2. Assignments and readings are hard so don’t be afraid to get help. Academic writing is a tough skill to learn but it’s an important aspect for your success. There are many services available on campus such as the Writing Centre, or workshops that teach students how to build these skills. It’s important to start assignments early so there’s enough time for editing. Readings are part of this as well as they help in understanding the material on a much deeper level. Take the time to question who the author is, why their perspective is the way it is, what in the reading is challenging, and what are the limitations within the reading. All of this facilitates critical thinking needed for academic success.

What will you do with your degree after graduation?

Geography is inter-disciplinary and has the ability to be incorporated anywhere. Upon graduation, I would like to take a year or two to work and gain experience before possibly perusing a Masters. I participated in the co-op program and had the opportunity to work with the Ontario Energy Board for 8 months. I would like to return there and continue to learn and participate in the public sector. Geography prepares students with important skills in research, writing, and evidence-based examination of our surrounding environment. These skills can be transferred to many jobs, and gives students the ability to apply them in the real world.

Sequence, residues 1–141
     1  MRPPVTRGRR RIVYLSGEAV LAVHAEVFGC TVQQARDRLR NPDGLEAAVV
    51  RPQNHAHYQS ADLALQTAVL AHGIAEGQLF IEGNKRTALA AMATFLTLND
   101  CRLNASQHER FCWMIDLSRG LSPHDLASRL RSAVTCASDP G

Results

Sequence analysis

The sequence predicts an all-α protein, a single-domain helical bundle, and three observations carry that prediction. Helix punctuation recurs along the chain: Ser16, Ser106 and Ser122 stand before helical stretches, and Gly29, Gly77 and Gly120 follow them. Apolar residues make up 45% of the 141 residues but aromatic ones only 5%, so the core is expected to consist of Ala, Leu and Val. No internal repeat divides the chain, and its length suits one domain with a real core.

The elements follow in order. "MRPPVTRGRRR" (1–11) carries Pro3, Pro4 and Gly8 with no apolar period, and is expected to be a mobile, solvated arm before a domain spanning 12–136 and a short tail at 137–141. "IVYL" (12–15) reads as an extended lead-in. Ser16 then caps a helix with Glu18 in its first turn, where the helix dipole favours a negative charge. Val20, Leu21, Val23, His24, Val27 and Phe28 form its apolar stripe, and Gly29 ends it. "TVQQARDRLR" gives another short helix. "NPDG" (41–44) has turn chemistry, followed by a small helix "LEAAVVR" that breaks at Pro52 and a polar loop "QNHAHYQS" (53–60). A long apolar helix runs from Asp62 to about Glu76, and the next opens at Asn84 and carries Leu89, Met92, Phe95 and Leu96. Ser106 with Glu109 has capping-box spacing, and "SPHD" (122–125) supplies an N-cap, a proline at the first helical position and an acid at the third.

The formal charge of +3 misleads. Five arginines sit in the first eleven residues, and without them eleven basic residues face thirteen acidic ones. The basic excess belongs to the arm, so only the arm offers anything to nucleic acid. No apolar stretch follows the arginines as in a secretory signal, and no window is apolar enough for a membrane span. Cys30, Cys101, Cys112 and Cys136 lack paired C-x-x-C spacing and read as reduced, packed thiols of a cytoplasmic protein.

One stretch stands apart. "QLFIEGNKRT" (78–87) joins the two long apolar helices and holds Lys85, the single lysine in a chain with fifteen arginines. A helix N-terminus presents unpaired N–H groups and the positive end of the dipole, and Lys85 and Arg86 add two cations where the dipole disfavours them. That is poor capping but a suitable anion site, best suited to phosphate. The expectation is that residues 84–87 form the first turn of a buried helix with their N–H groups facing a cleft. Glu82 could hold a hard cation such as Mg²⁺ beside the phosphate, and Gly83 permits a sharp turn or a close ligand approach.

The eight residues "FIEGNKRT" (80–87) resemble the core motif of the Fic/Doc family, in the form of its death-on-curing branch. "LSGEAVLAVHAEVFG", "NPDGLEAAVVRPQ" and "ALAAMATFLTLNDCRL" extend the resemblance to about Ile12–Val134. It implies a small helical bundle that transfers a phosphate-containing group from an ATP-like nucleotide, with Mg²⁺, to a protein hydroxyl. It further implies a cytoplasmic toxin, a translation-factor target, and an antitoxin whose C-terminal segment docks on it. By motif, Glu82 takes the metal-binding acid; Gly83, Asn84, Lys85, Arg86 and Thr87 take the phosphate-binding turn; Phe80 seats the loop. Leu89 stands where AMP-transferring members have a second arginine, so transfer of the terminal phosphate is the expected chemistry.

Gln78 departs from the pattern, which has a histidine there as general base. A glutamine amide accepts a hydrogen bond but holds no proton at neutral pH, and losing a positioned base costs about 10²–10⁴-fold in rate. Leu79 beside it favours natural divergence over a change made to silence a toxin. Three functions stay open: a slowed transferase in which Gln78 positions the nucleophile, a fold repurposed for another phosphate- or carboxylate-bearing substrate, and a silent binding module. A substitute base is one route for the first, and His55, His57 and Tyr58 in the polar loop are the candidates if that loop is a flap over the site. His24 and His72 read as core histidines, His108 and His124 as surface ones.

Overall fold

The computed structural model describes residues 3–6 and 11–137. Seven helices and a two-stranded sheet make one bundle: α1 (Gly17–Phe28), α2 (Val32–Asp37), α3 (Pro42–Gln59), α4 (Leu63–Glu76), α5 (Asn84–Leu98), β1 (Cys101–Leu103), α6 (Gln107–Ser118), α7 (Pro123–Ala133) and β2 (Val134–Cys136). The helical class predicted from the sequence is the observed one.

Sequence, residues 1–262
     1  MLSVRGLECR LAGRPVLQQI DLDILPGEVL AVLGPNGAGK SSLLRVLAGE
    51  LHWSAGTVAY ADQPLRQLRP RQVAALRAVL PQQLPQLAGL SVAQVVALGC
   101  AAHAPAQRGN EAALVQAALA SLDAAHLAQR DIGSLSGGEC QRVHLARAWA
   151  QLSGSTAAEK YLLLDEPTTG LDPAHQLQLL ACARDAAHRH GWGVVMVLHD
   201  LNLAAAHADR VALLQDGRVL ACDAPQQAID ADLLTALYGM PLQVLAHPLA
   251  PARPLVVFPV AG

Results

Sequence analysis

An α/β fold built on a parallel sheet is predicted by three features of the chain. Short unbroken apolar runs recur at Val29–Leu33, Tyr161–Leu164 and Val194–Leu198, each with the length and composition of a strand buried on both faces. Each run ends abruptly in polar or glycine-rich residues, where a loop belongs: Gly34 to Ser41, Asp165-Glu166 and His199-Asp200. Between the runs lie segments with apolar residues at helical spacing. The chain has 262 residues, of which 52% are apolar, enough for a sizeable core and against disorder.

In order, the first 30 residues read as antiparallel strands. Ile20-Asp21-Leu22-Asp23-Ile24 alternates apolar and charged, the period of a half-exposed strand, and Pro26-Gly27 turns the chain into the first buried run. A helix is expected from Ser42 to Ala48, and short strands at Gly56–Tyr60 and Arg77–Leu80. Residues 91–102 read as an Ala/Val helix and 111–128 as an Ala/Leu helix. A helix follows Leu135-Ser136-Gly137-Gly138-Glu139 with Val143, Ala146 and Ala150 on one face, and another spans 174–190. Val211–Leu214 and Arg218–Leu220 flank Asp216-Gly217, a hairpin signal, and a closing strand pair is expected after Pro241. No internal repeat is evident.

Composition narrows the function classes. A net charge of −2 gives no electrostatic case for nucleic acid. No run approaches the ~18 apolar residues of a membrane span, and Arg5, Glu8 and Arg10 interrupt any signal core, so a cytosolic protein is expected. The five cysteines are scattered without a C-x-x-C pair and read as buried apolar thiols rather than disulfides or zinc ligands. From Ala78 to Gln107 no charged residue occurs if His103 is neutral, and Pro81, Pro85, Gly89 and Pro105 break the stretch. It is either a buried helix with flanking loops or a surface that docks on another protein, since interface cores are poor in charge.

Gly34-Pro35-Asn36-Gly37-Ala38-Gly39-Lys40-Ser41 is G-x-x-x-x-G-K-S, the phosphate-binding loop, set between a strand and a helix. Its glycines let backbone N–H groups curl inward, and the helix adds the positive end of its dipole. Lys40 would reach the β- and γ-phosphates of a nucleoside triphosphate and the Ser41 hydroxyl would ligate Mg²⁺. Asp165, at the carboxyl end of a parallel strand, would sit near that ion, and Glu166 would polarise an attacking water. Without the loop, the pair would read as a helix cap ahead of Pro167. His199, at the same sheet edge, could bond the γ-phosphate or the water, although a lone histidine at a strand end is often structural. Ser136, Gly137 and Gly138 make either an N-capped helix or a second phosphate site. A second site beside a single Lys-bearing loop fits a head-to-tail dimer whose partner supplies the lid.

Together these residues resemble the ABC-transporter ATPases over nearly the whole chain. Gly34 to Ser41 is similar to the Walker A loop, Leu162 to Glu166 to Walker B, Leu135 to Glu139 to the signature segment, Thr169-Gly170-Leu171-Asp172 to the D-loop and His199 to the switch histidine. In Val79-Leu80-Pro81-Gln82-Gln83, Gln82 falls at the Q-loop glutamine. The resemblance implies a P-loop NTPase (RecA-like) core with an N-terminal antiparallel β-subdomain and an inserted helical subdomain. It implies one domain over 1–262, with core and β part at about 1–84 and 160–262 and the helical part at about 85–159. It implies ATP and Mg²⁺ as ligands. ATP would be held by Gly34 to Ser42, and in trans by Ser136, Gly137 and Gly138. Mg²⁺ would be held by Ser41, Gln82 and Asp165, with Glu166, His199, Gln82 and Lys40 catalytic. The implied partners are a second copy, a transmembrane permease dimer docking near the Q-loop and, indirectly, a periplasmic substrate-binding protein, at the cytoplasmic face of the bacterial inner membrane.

What has your academic journey during your time been like as you progress toward graduation?

For my first year, I took courses from all disciplines including Environmental Science, Health Studies, and International Development. By doing so I knew what disciplines I liked and possibly wanted to pursue and which ones I didn’t. I also tried to attend and participate in events because it’s really beneficial to talk to upper year students and hear their perspective and advice. Second year, I started to get more involved as I joined my departmental student association as a Second Year Representative. The courses I was taking were more detailed and therefore more interesting. It was at this point that I really started to get the hang of academic writing and the skills for critical thinking. By doing so, I was able to engage better in all my courses and learn about subjects I was passionate about. Third and fourth year courses are tailored by themes and there’s a wide variety of options for students to choose from. The class sizes are much smaller and intimate so I got to know my professors and classmates a lot better. Many fourth year courses are seminar based and students get to share their thoughts and experiences in an open environment. This type of learning is much more personal and much more rewarding.
 

Major: City Studies
Minors: Geography Information System (GIS) & English-Chinese Translation

What factors contributed to you choosing your program(s)?